Using two disparate case studies -- claims for the restitution of artworks confiscated by the Nazis being lodged by Jewish families and concerns regarding the presence Melanesian malanggan in Western museum collections -- I will discuss the importance of collective, or cultural memory in the context of making decisions about whether to restitute objects. The two cases can be differentiated by the approach to social memory taken by the groups involved. Many Jewish people are keen to have their property returned to them, whereas the people of New Ireland do not want the malanggan, which they spent months carving, returned to them. I discuss the problems that arise when legal definitions of ownership clash with cultural notions of property and illustrate this using Marie Altmann's successful restitution of five Klimt paintings from the Australian government and the malanggan example. I draw on the language of restitution claims and the display of Nazi-looted art at Israel's Yad Vashem museum and will apply Appadurai's theory that objects have "social lives" to overcome the dichotomy between the cultural value and monetary value of an object. I conclude that cultural memory is a useful concept to apply to restitution claims. Its impact can vastly differ from case to case, as illustrated by the divergent attitudes to memory and cultural property in the Jewish and Melanesian case studies. Cultural memory needs to be defined on a cultural-specific basis. The concept of cultural memory allows cultural objects to be part of the collective cultural memory of one group of people, whilst being legally owned by an individual.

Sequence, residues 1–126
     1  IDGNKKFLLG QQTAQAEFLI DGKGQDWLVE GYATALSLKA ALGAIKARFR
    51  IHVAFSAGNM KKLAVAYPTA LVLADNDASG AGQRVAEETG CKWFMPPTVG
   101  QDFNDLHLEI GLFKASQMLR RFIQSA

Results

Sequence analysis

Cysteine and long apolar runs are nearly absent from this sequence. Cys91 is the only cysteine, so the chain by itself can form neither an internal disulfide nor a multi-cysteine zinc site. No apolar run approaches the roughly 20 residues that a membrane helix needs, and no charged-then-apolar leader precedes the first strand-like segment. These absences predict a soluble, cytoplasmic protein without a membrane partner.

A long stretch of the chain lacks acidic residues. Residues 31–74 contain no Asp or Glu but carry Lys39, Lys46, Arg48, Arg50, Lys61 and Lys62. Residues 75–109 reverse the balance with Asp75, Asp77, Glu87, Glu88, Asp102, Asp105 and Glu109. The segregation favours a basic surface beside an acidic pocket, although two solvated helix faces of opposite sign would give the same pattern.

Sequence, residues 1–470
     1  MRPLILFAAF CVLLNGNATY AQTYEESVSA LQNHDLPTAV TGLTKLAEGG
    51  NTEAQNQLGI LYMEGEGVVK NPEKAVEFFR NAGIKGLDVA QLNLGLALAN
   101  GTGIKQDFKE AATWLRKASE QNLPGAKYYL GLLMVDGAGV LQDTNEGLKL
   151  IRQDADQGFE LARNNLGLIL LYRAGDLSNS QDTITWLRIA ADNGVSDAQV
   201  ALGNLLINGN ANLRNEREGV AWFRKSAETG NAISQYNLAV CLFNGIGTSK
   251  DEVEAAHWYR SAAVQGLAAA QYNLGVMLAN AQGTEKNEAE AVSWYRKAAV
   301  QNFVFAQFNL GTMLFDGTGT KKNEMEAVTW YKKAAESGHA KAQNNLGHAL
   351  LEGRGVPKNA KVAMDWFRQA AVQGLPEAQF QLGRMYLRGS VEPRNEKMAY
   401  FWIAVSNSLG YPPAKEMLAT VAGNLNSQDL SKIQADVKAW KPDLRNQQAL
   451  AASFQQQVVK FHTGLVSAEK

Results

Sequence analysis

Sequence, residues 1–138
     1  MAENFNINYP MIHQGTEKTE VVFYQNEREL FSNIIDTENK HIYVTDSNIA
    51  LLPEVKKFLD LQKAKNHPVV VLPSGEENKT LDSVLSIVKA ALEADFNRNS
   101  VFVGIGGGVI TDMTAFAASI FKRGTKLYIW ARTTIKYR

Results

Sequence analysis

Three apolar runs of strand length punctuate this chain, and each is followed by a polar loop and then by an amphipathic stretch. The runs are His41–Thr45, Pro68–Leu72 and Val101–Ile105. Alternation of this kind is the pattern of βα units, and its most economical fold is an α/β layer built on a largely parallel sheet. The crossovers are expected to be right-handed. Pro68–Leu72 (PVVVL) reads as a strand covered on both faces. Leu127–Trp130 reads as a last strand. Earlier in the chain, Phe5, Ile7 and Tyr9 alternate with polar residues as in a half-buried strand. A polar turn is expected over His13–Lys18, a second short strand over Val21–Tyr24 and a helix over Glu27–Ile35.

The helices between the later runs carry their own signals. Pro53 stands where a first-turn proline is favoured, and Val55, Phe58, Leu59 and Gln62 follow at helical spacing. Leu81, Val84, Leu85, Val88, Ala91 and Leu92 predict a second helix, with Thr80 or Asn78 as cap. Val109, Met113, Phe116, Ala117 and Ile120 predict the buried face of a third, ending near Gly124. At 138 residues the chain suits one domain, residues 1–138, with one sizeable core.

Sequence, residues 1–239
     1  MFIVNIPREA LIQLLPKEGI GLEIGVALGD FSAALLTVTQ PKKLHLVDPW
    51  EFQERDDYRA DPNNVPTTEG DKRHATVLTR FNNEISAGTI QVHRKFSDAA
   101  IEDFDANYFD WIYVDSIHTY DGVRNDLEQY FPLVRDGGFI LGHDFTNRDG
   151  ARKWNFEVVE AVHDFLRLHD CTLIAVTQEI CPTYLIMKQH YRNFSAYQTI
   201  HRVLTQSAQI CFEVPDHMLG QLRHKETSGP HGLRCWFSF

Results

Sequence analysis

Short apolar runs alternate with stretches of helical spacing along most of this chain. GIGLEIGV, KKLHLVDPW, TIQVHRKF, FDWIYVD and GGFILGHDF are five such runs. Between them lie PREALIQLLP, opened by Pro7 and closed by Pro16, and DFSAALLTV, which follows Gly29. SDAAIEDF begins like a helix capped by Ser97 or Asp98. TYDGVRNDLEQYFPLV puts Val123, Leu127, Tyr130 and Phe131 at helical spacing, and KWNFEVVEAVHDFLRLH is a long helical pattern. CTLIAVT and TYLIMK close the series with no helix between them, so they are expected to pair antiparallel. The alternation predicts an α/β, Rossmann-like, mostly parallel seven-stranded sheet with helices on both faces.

Ms. Algar is a second year B.A. History of Art student at University College London, where she minors in Anthropology. She is interested in the legal regulation of the art market and restitution cases, particularly those relating to wartime looting.